Turkey keeps a cautious distance between Iran and United States

As tensions rose between the United States and Iran over the U.S. killing of Iranian General Qassem Soleimani, Turkey warned against undermining regional stability, but was keen not to be seen to be taking sides in a clash between its NATO ally and eastern neighbour.

Though the Turkish government has drifted diplomatically towards Russia in recent years and angered many in the U.S. administration and Congress with its purchase of Russian missiles and attacks on Washington’s Kurdish allies, President Recep Tayyip Erdoğan has managed to maintain a good relationship with President Donald Trump that has saved Turkey from sanctions.

Turkey and Iran meanwhile, unusually for the region, have enjoyed centuries without direct conflict and have maintained cordial relations, even as they back rival factions in Syria’s civil war and elsewhere in the Middle East.

Turkey was quick to react to Soleimani’s killing in a U.S. drone strike in Iraq on Jan. 3, saying it would “further aggravate insecurity and instability in the region” and that “Turkey has always been against foreign interventions, assassinations and sectarian conflicts in the region”.

Erdoğan and Vladimir Putin issued a joint statement during the Russian president’s Jan. 8 visit to Istanbul to open the TurkStream gas pipeline, calling the U.S. killing of Soleimani “an act undermining security and stability in the region”.

Iran and Turkey see their interests more aligned than ever. Together with Russia, the two are partners in the Astana peace talks on Syria. Turkey and Iran also both oppose any Kurdish attempts to attain autonomy in the region, and both sided with Qatar in its dispute with other Gulf countries, helping it survive a blockade.

Erdoğan has repeatedly spoken out against U.S. pressure and sanctions on Iran, but was careful not to be seen as siding too closely with the Islamic Republic after the killing of Soleimani.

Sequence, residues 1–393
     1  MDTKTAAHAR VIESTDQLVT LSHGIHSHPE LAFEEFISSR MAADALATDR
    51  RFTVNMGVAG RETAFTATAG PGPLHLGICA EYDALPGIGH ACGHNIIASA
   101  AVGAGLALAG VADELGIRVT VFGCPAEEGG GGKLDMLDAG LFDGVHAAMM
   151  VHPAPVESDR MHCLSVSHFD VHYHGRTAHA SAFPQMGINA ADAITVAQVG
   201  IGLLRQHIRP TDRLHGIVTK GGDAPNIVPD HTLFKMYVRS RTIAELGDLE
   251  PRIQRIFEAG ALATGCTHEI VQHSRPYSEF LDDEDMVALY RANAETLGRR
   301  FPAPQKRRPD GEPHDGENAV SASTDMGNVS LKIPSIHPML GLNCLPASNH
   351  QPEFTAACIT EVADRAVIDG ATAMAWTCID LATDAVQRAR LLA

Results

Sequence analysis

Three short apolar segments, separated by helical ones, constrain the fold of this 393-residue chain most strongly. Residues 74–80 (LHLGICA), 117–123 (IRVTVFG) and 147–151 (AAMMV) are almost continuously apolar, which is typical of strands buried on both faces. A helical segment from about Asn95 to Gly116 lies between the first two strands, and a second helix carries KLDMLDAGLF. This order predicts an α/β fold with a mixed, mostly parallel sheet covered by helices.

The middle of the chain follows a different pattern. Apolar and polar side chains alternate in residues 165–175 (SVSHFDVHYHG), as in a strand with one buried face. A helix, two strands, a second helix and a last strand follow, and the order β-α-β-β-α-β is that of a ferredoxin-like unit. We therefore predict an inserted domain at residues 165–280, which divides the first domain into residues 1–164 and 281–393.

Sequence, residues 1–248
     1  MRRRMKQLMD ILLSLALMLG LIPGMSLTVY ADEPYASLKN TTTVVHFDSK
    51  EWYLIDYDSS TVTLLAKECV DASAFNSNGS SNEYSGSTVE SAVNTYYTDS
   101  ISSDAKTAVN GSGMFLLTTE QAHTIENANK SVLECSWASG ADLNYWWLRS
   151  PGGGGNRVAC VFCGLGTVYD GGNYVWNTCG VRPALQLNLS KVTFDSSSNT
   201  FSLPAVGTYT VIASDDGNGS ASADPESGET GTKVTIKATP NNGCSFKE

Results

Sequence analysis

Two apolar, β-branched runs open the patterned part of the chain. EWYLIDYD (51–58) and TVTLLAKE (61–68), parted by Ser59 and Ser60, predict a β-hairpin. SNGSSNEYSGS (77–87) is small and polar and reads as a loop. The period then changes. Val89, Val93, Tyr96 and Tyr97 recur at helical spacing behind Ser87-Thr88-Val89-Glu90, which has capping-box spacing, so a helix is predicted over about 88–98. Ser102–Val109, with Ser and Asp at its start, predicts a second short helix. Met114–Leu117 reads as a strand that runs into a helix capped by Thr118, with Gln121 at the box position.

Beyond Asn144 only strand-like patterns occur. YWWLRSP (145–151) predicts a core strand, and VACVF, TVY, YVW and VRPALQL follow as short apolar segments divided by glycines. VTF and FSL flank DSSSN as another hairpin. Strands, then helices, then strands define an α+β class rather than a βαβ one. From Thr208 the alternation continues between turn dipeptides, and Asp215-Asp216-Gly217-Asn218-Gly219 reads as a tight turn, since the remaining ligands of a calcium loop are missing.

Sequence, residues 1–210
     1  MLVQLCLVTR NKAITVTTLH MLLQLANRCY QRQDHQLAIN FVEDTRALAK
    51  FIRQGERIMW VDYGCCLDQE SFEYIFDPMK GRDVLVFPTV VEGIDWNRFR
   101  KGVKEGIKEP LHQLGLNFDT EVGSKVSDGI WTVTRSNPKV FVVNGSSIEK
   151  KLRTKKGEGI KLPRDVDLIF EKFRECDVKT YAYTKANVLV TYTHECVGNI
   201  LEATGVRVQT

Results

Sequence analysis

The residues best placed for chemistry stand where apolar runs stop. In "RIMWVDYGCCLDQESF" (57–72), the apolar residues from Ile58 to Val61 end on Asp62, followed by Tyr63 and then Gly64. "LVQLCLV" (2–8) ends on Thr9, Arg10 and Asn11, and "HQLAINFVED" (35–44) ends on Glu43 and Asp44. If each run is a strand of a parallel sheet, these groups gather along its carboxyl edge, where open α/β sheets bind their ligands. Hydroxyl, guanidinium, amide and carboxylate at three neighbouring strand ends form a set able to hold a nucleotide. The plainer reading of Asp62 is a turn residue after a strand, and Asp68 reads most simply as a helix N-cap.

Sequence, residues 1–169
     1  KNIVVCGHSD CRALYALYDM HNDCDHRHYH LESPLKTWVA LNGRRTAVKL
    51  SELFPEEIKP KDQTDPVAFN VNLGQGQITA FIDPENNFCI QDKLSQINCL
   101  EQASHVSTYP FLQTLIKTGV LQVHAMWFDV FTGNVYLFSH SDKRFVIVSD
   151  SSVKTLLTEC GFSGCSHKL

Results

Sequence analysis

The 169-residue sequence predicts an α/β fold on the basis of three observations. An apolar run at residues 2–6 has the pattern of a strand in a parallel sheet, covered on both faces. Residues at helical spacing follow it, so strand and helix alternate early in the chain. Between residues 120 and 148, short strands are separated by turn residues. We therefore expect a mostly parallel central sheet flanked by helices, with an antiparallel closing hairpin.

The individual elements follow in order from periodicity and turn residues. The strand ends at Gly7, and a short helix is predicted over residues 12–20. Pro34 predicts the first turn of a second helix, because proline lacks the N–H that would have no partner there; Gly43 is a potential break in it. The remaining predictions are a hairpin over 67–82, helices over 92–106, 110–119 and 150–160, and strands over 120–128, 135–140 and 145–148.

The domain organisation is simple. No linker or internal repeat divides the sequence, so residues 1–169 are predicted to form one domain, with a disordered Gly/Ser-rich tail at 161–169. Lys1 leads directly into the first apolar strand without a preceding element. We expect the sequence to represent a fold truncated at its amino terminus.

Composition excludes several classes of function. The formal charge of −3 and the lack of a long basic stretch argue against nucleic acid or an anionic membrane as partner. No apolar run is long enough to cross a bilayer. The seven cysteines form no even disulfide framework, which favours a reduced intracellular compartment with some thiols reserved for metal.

Iran’s embassy to Turkey tweeted a statement on Jan 5 detailing a phone call between Erdoğan and Iranian President Hassan Rouhani in which it said the Turkish leader referred to Soleimani as a martyr.

“The absence of martyr Soleimani deeply saddens [us]. Iranian people, I am aware of the anger of you and the [supreme] leader," the embassy quoted Erdoğan as saying.

Trump said he was surprised by Erdoğan’s comments.

“I disagree 100 percent. I am sure he does, too. But he has a public to take care of. I guess that's for his own reason. I am actually surprised to hear that, but that's okay," Trump said in response to a reporter’s question on the Iranian tweet.

Turkish state-owned TRT World then reported that a Turkish official had denied Erdoğan had used the word martyr on the call.

The U.S. and Turkish presidents have a relationship that has endured Turkey’s rapprochement with Russia, its purchase of Russian missiles and Turkish attacks on the United States’ Kurdish allies in the fight against Islamic State in Syria. Trump has been loath to criticise Erdoğan throughout a sustained period of difficult relations between their two countries.

Turkey’s views on Soleimani are meanwhile mixed. Many pro-government commentators celebrated the general’s demise, describing him as a war criminal and some went so far as to welcome the strike as a blow to Iranian ambitions in the region.

Soleimani, for his part, was said to admire his Turkish counterparts. The Intercept reported that leaked Iranian intelligence files said Soleimani had an old relationship with Turkish former Prime Minister Ahmet Davutoğlu, and admired both Davutoğlu and Turkish intelligence chief Hakan Fidan. This was at a time when Soleimani competed with both men in Syria, where Turkey and Iran supported opposite factions.

Aykan Erdemir, of the Washington-based Foundation for the Defense of Democracy think tank, said Turkey was ambivalent on Soleimani.

“On the one hand, they see Soleimani as a rival, who was responsible for the massacres against Turkey-backed Sunni groups in Syria. On the other, they saw Soleimani as an ally who offered support during Turkey’s abortive coup in 2016 and helped crush the Kurdish independence referendum in 2017 which Ankara, Tehran and Baghdad opposed in unison.”

On the night of Turkey’s July 2016 coup attempt, Soleimani was reported to have contacted Turkish officials to express support against the plotters. Iranian leaders were among the first to condemn the coup, improving bilateral ties after years of disagreement over Syria, Yemen and the wider Middle East.

Iran also joined Turkey in opposing the 2017 independence referendum held by the autonomous Kurdistan region of northern Iraq. Soleimani’s Iraqi militias supported Baghdad as it moved to retake the oil-rich region around Kirkuk and quash the move for independence.

Erdemir said that while Erdoğan comes from an Islamist tradition that reveres the Iranian revolution, Turkish Islamists see Iran as a Shia rival to Sunni Turkey in the Middle East.


© Ahval English

The views expressed in this column are the author’s and do not necessarily reflect those of Ahval.